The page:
Dorothy Dugan v. Comm'r of Soc. Sec., No. 17-4247 (6th Cir. 2018)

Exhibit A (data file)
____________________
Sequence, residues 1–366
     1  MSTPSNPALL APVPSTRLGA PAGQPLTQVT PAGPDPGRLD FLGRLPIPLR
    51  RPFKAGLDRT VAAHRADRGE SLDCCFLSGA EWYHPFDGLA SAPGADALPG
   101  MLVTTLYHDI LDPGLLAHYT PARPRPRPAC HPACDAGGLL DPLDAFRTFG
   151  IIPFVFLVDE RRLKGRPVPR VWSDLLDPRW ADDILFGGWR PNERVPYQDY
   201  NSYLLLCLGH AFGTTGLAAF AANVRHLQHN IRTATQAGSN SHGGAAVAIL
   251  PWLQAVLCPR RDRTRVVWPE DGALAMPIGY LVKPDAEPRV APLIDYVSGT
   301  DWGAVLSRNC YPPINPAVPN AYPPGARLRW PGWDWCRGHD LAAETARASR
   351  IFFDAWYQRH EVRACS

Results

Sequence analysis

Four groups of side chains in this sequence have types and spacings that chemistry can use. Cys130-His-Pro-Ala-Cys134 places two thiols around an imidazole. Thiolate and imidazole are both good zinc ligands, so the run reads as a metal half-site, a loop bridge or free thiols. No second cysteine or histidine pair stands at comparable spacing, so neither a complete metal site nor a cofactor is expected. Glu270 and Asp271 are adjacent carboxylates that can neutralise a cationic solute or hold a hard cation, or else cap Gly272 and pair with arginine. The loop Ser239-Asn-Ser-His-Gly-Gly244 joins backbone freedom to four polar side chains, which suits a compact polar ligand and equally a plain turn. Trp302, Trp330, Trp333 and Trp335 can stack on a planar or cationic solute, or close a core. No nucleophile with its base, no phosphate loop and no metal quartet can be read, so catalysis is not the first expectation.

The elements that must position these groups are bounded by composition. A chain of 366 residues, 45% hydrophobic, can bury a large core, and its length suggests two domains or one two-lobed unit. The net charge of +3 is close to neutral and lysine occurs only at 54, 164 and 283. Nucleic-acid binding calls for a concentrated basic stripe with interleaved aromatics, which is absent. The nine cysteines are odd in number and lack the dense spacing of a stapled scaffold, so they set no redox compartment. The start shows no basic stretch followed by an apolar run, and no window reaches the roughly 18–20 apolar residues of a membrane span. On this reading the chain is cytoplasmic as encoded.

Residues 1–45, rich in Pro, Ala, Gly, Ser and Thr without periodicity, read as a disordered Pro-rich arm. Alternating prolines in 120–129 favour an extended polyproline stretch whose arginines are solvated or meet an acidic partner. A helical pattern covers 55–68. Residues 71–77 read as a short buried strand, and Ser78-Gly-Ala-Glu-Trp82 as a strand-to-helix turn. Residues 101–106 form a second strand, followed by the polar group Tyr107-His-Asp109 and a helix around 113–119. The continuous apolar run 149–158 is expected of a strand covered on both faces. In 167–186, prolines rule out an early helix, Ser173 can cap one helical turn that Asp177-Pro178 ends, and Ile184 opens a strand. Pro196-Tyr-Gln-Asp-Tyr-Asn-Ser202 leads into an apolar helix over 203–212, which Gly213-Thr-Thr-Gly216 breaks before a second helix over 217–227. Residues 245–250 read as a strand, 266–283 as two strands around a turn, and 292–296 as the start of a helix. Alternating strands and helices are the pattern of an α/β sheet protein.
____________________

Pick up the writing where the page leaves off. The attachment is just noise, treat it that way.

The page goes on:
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NOT RECOMMENDED FOR PUBLICATION File Name: 18a0399n.06 No. 17-4247 UNITED STATES COURT OF APPEALS FOR THE SIXTH CIRCUIT DOROTHY M. DUGAN, ) ) ) ) ) ) ) ) ) Plaintiff-Appellant, v. COMMISSIONER OF SOCIAL SECURITY, Defendant-Appellee. BEFORE: FILED Aug 08, 2018 DEBORAH S. HUNT, Clerk ON APPEAL FROM THE UNITED STATES DISTRICT COURT FOR THE SOUTHERN DISTRICT OF OHIO ROGERS and BUSH, Circuit Judges; WATSON, District Judge.* WATSON, District Judge. Dorothy Dugan appeals the magistrate judge’s decision and entry affirming the decision of the Commissioner of Social Security (“Commissioner”), which denied her claim for disability and supplemental security income benefits under the Social Security Act. For the following reasons, we affirm the magistrate judge’s decision. I. In January 2001, Dugan filed applications for disability insurance benefits (“DIB”) and supplemental security income (“SSI”), alleging disability as of February 25, 1999, based on several impairments including degenerative disc disease of the lumbar spine, degenerative disc disease of the cervical spine, and carpal tunnel syndrome, among others. After an initial denial of her application, Dugan’s application proceeded to an evidentiary hearing before administrative law * The Honorable Michael H. Watson, United States District Judge for the Southern District of Ohio, sitting by designation. No. 17-4247, Dugan v. Comm’r of Soc. Sec. judge (“ALJ”) James I. K. Knapp. On May 10, 2001, ALJ Knapp issued a written decision finding Dugan was not disabled. ALJ Knapp concluded that Dugan had the residual functional capacity (“RFC”) to perform a reduced range of light work, including her previous work as an electronics assembler. The Appeals Council declined to review ALJ Knapp’s decision, and Dugan did not appeal in federal court. Thus, ALJ Knapp’s non-disability finding became the final decision of the Commissioner with respect to Dugan’s initial application on May 11, 2002. In September 2002, Dugan filed new applications for DIB and SSI, again alleging disability as of February 25, 1999. The alleged disability onset date was May 11, 2002, the date of ALJ Knapp’s prior non-disability finding. After an initial denial of her new application, Dugan received a hearing before ALJ Daniel R. Shell on February 11, 2005. On November 8, 2005, ALJ Shell issued a written decision finding Dugan was not disabled. ALJ Shell concluded that, based on Dugan’s RFC to perform a reduced range of sedentary work, she could perform a significant number of jobs in the national economy. Thereafter, the Appeals Council declined Dugan’s request for review of ALJ Shell’s November 2005 decision. On appeal to the federal district court, however, the district judge reversed ALJ Shell’s non-disability finding, affirming the magistrate judge’s recommendation to remand to the Commissioner to make further factual determinations that were vocationally significant, such as assessing Dugan’s ability to look down. Dugan v. Astrue, No. 3:07-CV-159, 2008 WL 783382, at *1 (S.D. Ohio Mar. 20, 2008); see also Dugan v. Astrue, No. 3:07-CV-159, 2008 WL 755274, at *2 (S.D. Ohio Feb. 28, 2008). On the first remand from the district court, Dugan received a second hearing before ALJ Shell on November 12, 2008. On December 19, 2008, ALJ Shell issued a second written decision, once again finding Dugan was not disabled. In his second decision, ALJ Shell found, contrary to his first decision, that Dugan was capable of performing light work and, based on such an RFC, -2- No. 17-4247, Dugan v. Comm’r of Soc. Sec. that “there are jobs that exist in significant numbers in the national economy that [Dugan] can perform[.]” The Appeals Council denied Plaintiff’s request for review of ALJ Shell’s second decision, and Dugan again appealed to the federal district court. On appeal, the district judge remanded the matter to the Commissioner for additional administrative proceedings with instruction to “(1) re-evaluate the medical source opinions of record under the legal criteria set forth in the Commissioner’s Regulations, Rulings and applicable caselaw; and (2) reconsider, under the required sequential evaluation procedure, whether Dugan was under a disability and thus eligible for SSI.” Dugan v. Astrue, No. 3:09-CV-199, 2010 WL 3365701, at *1–2 (S.D. Ohio Aug. 23, 2010). On the second remand from the district court, Dugan received a hearing before ALJ Amelia G. Lombardo on June 14, 2011. ALJ Lombardo issued a written decision on October 13, 2011. ALJ Lombardo found Dugan was disabled as of July 1, 2009, but not disabled before that date. As to Dugan’s non-disability status before July 1, 2009, ALJ Lombardo found that Dugan was capable of a reduced range of light work and that a significant number of jobs existed in the national economy that Dugan could perform, such that a finding of disability was not warranted before July 1, 2009. On January 9, 2013, the Appeals Council assumed jurisdiction and remanded the case back to ALJ Lombardo. Pursuant to the remand order, ALJ Lombardo was instructed to: (1) reconsider Dugan’s disability status from May 11, 2002, in light of ALJ Knapp’s May 10, 2002 decision and Drummond v. Commissioner of Social Security, 126 F.3d 837 (6th Cir. 1997); (2) provide an assessment of what weight should be assigned to an October 2002 medical opinion; and (3) obtain medical expert testimony regarding the medical evidence about the presence of rheumatoid arthritis. -3- No. 17-4247, Dugan v. Comm’r of Soc. Sec. On the third remand, Dugan received another hearing before ALJ Lombardo on January 2, 2014. ALJ Lombardo then issued her second written decision on April 25, 2014, again finding Dugan was not disabled from May 11, 2002 through June 30, 2009. ALJ Lombardo found that “there are jobs that exist in significant numbers in the national economy that [Plaintiff] can perform” based on Dugan’s RFC to perform light work. On Dugan’s request for review, the Appeals Council found her exceptions to ALJ Lombardo’s decision untimely, thereby making ALJ Lombardo’s April 25, 2014 non-disability finding the final administrative decision of the Commissioner on Dugan’s second application. Dugan then requested an extension of time to file a civil action, which the Appeals Council granted. On appeal to the federal district court, the magistrate judge reviewed the case for disposition based on the parties’ consent. The magistrate judge affirmed the ALJ’s non-disability findings as supported by substantial evidence. This appeal follows. II. We review a district court’s decision in social security cases de novo. Valley v. Comm’r of Soc. Sec., 427 F.3d 388, 390 (6th Cir. 2005) (citing Crum v. Sullivan, 921 F.2d 642, 644 (6th Cir. 1990)). But we review an ALJ’s underlying findings “to determine whether they are supported by substantial evidence.” Id. at 390–91 (citing 42 U.S.C. § 405(g); Walters v. Comm’r of Soc. Sec., 127 F.3d 525, 528 (6th Cir. 1997)). “A decision is supported by substantial evidence where a reasonable mind could find that the evidence is adequate to support the conclusion reached.” Valley, 427 F.3d at 391 (citing Richardson v. Perales, 402 U.S. 389, 401 (1971)). Although the substantial evidence standard is deferential, it is not trivial. We must “‘take into account whatever in the record fairly detracts from [the] weight’” of the Commissioner’s decision. TNS, Inc. v. NLRB, 296 F.3d 384, 395 (6th Cir. 2002) (quoting Universal Camera Corp. v. NLRB, 340 U.S. -4- No. 17-4247, Dugan v. Comm’r of Soc. Sec. 474, 487 (1951)). Nevertheless, “if substantial evidence supports the ALJ’s decision, this Court defers to that finding ‘even if there is substantial evidence in the record that would have supported an opposite conclusion.’” Blakley v. Comm’r of Soc. Sec., 581 F.3d 399, 406 (6th Cir. 2009) (quoting Key v. Callahan, 109 F.3d 270, 273 (6th Cir. 1997)). Finally, even if the ALJ’s decision meets the substantial evidence standard, “‘a decision of the Commissioner will not be upheld where the [Social Security Administration] fails to follow its own regulations and where that error prejudices a claimant on the merits or deprives the claimant of a substantial right.’” Rabbers v. Comm’r of Soc. Sec., 582 F.3d 647, 651 (6th Cir. 2009) (quoting Bowen v. Comm’r of Soc. Sec., 478 F.3d 742, 746 (6th Cir. 2007)). The Social Security Act provides for payment of benefits to people who have become disabled. See 42 U.S.C. §§ 423(a)(1)(E), 1382(a)(1). To receive disability benefits and supplemental social security income, an applicant must demonstrate that she is “[unable] to engage in any substantial gainful activity by reason of any medically determinable physical or mental impairment which can be expected to result in death or which has lasted or can be expected to last for a continuous period of not less than twelve months.” Id. §§ 423(d)(1)(A), 1382c(a)(3)(A). Social Security regulations require ALJs to resolve a disability claim through a five-step sequential evaluation of the evidence. See 20 C.F.R. § 416.920(a)(4). Although a dispositive finding at any step terminates the ALJ’s review, see Colvin v. Barnhart, 475 F.3d 727, 730 (6th Cir. 2007), if fully considered, the sequential review considers and answers five questions: 1. Is the claimant engaged in substantial gainful activity? 2. Does the claimant suffer from one or more severe impairments? 3. Do the claimant’s severe impairments, alone or in combination, meet or equal the criteria of an impairment set forth in the Commissioner’s Listing of Impairments, 20 C.F.R. Subpart P, Appendix 1? 4. Considering the claimant’s residual functional capacity, can the claimant perform his or her past relevant work? -5- No. 17-4247, Dugan v. Comm’r of Soc. Sec. 5. Considering the claimant’s age, education, past work experience, and residual functional capacity, can the claimant perform other work available in the national economy? See 20 C.F.R. § 16.920(a)(4); see also Henley v. Astrue, 573 F.3d 263, 264 (6th Cir. 2009); Foster v. Halter, 279 F.3d 348, 354 (6th Cir. 2001). “The claimant bears the burden of proof through step four; at step five, the burden shifts to the Commissioner.” Rabbers, 582 F.3d at 652 (citing Jones v. Comm’r of Soc. Sec., 336 F.3d 469, 474 (6th Cir. 2003)). “An unsuccessful applicant may appeal the decision through the administrative review process and eventually to an Article III court. At that point, the inquiry on that application ends.” Earley v. Comm’r of Soc. Sec., No. 17-4007, 2018 WL 3134547, at *2 (6th Cir. 2018). III. In this appeal, Dugan challenges ALJ Lombardo’s non-disability finding for the period from May 11, 2002 to July 1, 2009, reasserting essentially the same three issues raised before the magistrate judge. She contends that: (1) ALJ Lombardo improperly rejected the application of res judicata by finding that Dugan’s condition had improved during the time period at issue; (2) ALJ Lombardo improperly weighed the opinions of Dugan’s treating physicians; and (3) ALJ Lombardo’s finding regarding Dugan’s manipulative ability was not supported by substantial evidence. Dugan’s arguments are without merit. A. Finding of Medical Improvement and Administrative Res Judicata “[T]he principles of res judicata can be applied against the Commissioner.” Drummond v. Comm’r of Soc. Sec., 126 F.3d 837, 842 (6th Cir. 1997). “When the Commissioner has made a final decision concerning a claimant’s entitlement to benefits, the Commissioner is bound by this determination absent changed circumstances.” Id. In such cases, “[a]bsent evidence of an -6- No. 17-4247, Dugan v. Comm’r of Soc. Sec. improvement in a claimant’s condition, a subsequent ALJ is bound by the findings of a previous ALJ.” Id. Dugan makes two arguments invoking Drummond. Dugan first contends that ALJ Lombardo erred in finding that, because Dugan’s condition had improved, the ALJ was not bound by ALJ Knapp’s May 10, 2002 RFC finding. Second, Dugan insists that ALJ Lombardo’s finding of improvement was unreasonable in light of ALJ Shell’s November 8, 2005 decision and RFC finding. Neither argument has merit. In the April 25, 2014 decision, ALJ Lombardo set forth a detailed discussion regarding the application of Drummond in Dugan’s case with respect to ALJ Knapp’s May 10, 2002 decision. Along with her full discussion of the medical record and opinion evidence, the ALJ found that “[t]he record documents medical improvement in [Dugan’s] conditions” from 2002 to ALJ Lombardo’s 2014 decision, and, accordingly, ALJ Knapp’s 2002 RFC finding was “not applicable for any relevant period since May of 2002.” In particular, ALJ Lombardo found that “objective testing, including MRI scans, showed resolution of the previously demonstrated herniated disc,” and no stenosis or muscle weakness. Moreover, physical exams showed normal sensation, reflexes, and motor strength. Finally, the state-agency consultant opined that the functional restrictions of the 2002 decision were no longer applicable as new evidence showed that medical improvement had occurred. Thus, ALJ Lombardo ultimately concluded that: The record demonstrates that medical improvement has occurred to the extent that the record no longer contains clinical or objective findings that restrict the claimant to a reduced range of sedentary work activity. Therefore, a significant change in the nature, character, and severity of the claimant’s medical conditions has occurred since the issuance of the May 10, 2002, Decision of an Administrative Law Judge and the mandates of [Drummond] do not apply to this Decision. In short, ALJ Lombardo appropriately considered administrative res judicata and had substantial evidence to support her finding of improved conditions. Therefore, Dugan’s first argument fails. -7- No. 17-4247, Dugan v. Comm’r of Soc. Sec. Dugan’s second argument under Drummond is also a non-starter. ALJ Shell’s November 8, 2005 decision was remanded by both the Appeals Council and the district court; thus, it was not binding and had no res judicata effect. See C.F.R. § 404.955 (“the decision of the [ALJ] is binding . . . unless . . . the Appeals Council reviews your case . . . [or] the Appeals Counsel denies your request for review, and you seek judicial review of your case by filing an action in a Federal district court[.]”). B. Treating Physician Opinions In her second issue on appeal, Dugan argues that ALJ Lombardo failed to properly weigh “multiple treating source opinions.” Specifically, she claims that ALJ Lombardo’s analysis of the opinions of Drs. Adams, Schleicher, and Kleinhenz, respectively, was “inadequately specific” and “impermissibly vague.” In addition, Dugan argues that the ALJ did not meaningfully weigh Dr. White’s assessment that Dugan’s physical condition did not improve after 2002. Dugan concludes that the ALJ’s failure to apply the correct legal standards denotes a lack of substantial evidentiary support, and therefore the non-disability finding should be reversed. ALJs must adhere to certain governing standards when assessing the medical evidence supplied in support of a claim. “Key among these is that greater deference is generally given to the opinions of treating physicians than to those of non-treating physicians, commonly known as the treating physician rule.” Rogers v. Comm’r of Soc. Sec., 486 F.3d 234, 242–43 (6th Cir. 2007) (citing Soc. Sec. Rul. 96–2p, 1996 WL 374188 (July 2, 1996)); Wilson v. Comm’r of Soc. Sec., 378 F.3d 541, 544 (6th Cir. 2004)). Generally, treating physicians are “the medical professionals most able to provide a detailed, longitudinal picture of [a claimant’s] medical impairment(s) and may bring a unique perspective to the medical evidence that cannot be obtained from the objective medical findings alone”; thus, their opinions are generally given more weight than those of non- -8- No. 17-4247, Dugan v. Comm’r of Soc. Sec. treating physicians. Id. Therefore, “if the opinion of the treating physician as to the nature and severity of a claimant’s conditions is ‘well-supported by medically acceptable clinical and laboratory diagnostic techniques and is not inconsistent with other substantial evidence in [the] case record,’ then it will be accorded controlling weight.” Id. (quoting Wilson, 378 F.3d at 544); see also 20 C.F.R. § 404.1527(c)(2). If a treating physician’s opinion is not given controlling weight, the ALJ must provide “good reasons” as to the weight given instead. 20 C.F.R. § 404.1527(c)(2). “These reasons must be ‘supported by the evidence in the case record, and must be sufficiently specific to make clear to any subsequent reviewers the weight the adjudicator gave to the treating source’s medical opinion and the reasons for that weight.’” Gayheart v. Comm’r of Soc. Sec., 710 F.3d 365, 376 (6th Cir. 2013) (quoting Soc. Sec. Rul. No. 96–2p, 1996 WL 374188, at *5 (July 2, 1996)). To demonstrate “good reasons,” the ALJ must weigh certain factors (the Wilson factors) in determining how much weight to afford a treating physician’s opinion. See Wilson, 378 F.3d at 544 (listing factors for the ALJ to consider to determine what weight is appropriate, including the length, frequency, nature, and extent of the treatment relationship; the supportability of the opinion; the consistency of the opinion with the record as a whole; the specialization of the physician; and any other relevant factors). “A failure to follow the procedural requirement ‘of identifying the reasons for discounting the opinions and for explaining precisely how those reasons affected the weight accorded the opinions denotes a lack of substantial evidence, even where the conclusion of the ALJ may be justified based upon the record.’” Friend v. Comm’r of Soc. Sec., 375 F. App’x 543, 551 (6th Cir. 2010) (quoting Rogers, 486 F.3d at 243). Under the standards above, ALJ Lombardo provided “good reasons” for her determinations of how much weight to give to the treating physicians’ opinions, and her conclusions in light of -9- No. 17-4247, Dugan v. Comm’r of Soc. Sec. her analysis and weighing of the medical and opinion evidence was supported by substantial evidence. First, contrary to Dugan’s contention that ALJ Lombardo did not “meaningfully weigh” Dr. White’s assessment, the ALJ did provide sufficiently specific “good reasons,” supported by the evidence in the record, for assigning Dr. White’s assessment “little weight.” In particular, the ALJ explained that she discounted Dr. White’s opinion because: (1) the ability to sit, stand, and walk a total of eight hours is not inconsistent with the ability to perform substantial gainful activity; (2) Dr. White’s assessment cited his prior records as the basis for his assessment, but his records “document no independent signs of functional impairment and are remarkable only for the claimant’s subjective complaints”; and (3) although Dr. White opined that Dugan suffered from anxiety and depression, Dr. White is not a mental health professional. These are sufficiently good reasons for assigning Dr. White’s opinion little weight. See Wilson, 378 F.3d at 544 (finding the supportability of the opinion and consistency of the opinion with the record as a whole are factors to be considered). The same is true of ALJ Lombardo’s reasons for the weight given to the opinions of Drs. Adams, Kennedy-Schleicher, and Kleinhenz. After a detailed statement of the standard to be applied to treating physicians’ opinions and a full discussion of the reasons for the weight to be given to the opinions of treating physicians Drs. White, Hoffman, Hutson, and Griffin, ALJ Lombardo then discussed the opinions of Drs. Adams, Kennedy-Schleicher, and Kleinhenz, finding that: The record contains several other basic medical assessments purporting to establish disability on behalf of the claimant, including Dr. Adams, a Dr Kennedy Schlecher, and a Dr Heather Kleinhenz . . . . However, for the same reasons set forth above relative to the other medical opinions, specifically that they are not supported by the weight of the evidence and are based almost completely on the unquestioned -10- No. 17-4247, Dugan v. Comm’r of Soc. Sec. acceptance of the claimant’s subjective complaints, those assessments are, likewise, entitled to little, if any, adjudicative weight. Although the ALJ gives less description of the opinions provided by Drs. Adams, Kennedy-Schleicher, and Kleinhenz, her discussion regarding the opinions’ reliance on Dugan’s subjective complaints is sufficient to meet the “good reasons” standard. See Tilley v. Comm’r of Soc. Sec., No. 09-6081, 2010 WL 3521928, at *6 (6th Cir. Aug. 31, 2010) (indicating that, under Blakley and Wilson, an ALJ is not required to explicitly address all of the six factors within 20 C.F.R. § 404.1527(d)(2) for weighing medical opinion evidence within the written decision); Boseley v. Comm’r of Soc. Sec., 397 F. App’x 195, 199 (6th Cir. 2010) (“Neither the ALJ nor the Council is required to discuss each piece of data in its opinion, so long as they consider the evidence as a whole and reach a reasoned conclusion.”) In addition to incorporating by reference the rationale previously discussed in the decision, ALJ Lombardo provided two clear reasons for her conclusion that the opinions of Drs. Adams, Kennedy-Schleicher, and Kleinhenz were entitled little weight: (1) the opinions were not supported by the weight of the evidence, as the ALJ detailed in the previous paragraph; and (2) “they [were] based almost completely on the unquestioned acceptance of the claimant’s subjective complaints.” These reasons are enough, especially when viewed in tandem with the ALJ’s finding that Dugan’s statements regarding “the intensity, persistence and limiting effects” of her symptoms lacked credibility given “the objective evidence and clinical findings of record” and Dugan’s “history of malingering and exaggerating her complaints without any explanation or basis.” See Smith v. Comm’r of Soc. Sec., 482 F.3d 873, 877 (6th Cir. 2007) (indicating that ALJs may discount physicians’ opinions based on claimant’s subjective complaints where claimant is not credible). The reasons set forth are sufficient under the “good reasons” standard. -11- No. 17-4247, Dugan v. Comm’r of Soc. Sec. C. Evaluation of Manipulative Ability In her final argument on appeal, Dugan contends that ALJ Lombardo’s finding with respect to her manipulative ability––that she is able to perform frequent handling and fingering––is not supported by substantial evidence. Dugan claims that, in light of the opinion of Dr. Stephen Duritsch, she should be limited instead to occasional handling and fingering. ALJ Lombardo’s finding regarding Dugan’s manipulative ability was supported by substantial evidence. In making her determination, the ALJ reviewed medical evidence and medical opinions, including those of Drs. Danopulos and Duritsch. ALJ Lombardo found that Dugan had a history of carpal tunnel syndrome, but that it was surgically remedied, as demonstrated by the physical examinations by Drs. Danopulos and Duritsch, who each documented normal grip strength, as well as normal grasp, pinch, manipulation, and coordination. Although Dr. Duritsch opined that Dugan was limited in her ability to use the upper extremities, ALJ Lombardo determined that such a conclusion directly contradicted Dr. Duritsch’s own clinical findings, as well as those of Dr. Danopulos––that Dugan had normal grip strength, grasp pinch, manipulation, and coordination. ALJ Lombardo also acknowledged Dugan’s testimony that she experiences difficulty using her hands. Ultimately, though, the ALJ found that “the objective medical evidence demonstrates that claimant’s carpal tunnel syndrome was successfully treated without significant residual impairment.” Moreover, the ALJ’s decision was otherwise supported by substantial evidence. Here, ALJ Lombardo considered Dr. Griffin’s opinion in making the RFC determination, contrary to Dugan’s assertion. The ALJ explained that Dr. Griffin’s treatment notes of Dugan stated “severe active synovitis in joints and wrists” during every visit, but that the note appeared to be boilerplate documentation. Further, as ALJ Lombardo discussed, such an observation had not been made by -12- No. 17-4247, Dugan v. Comm’r of Soc. Sec. any other treating or examining source. ALJ Lombardo then identified five other medical opinions that did not find severe or active synovitis. For example, Dr. Houser also indicated that Dugan only had some reasonable limitation in the use of her hands and fingers, but that these were “certainly not disabling.” The ALJ also pointed out that, at times when Dugan was receiving infusion treatments for the condition, she missed treatments, did not take prescribed medication, and was able to do activities such as driving and cleaning. Based on these findings, the ALJ concluded that a limitation to frequent fingering and handling appropriately accounted for the medical evidence and the well supported testimony. In light of this discussion, substantial evidence supports the ALJ’s conclusion regarding Dugan’s manipulative ability. IV. For these reasons, we AFFIRM the magistrate judge’s decision. -13-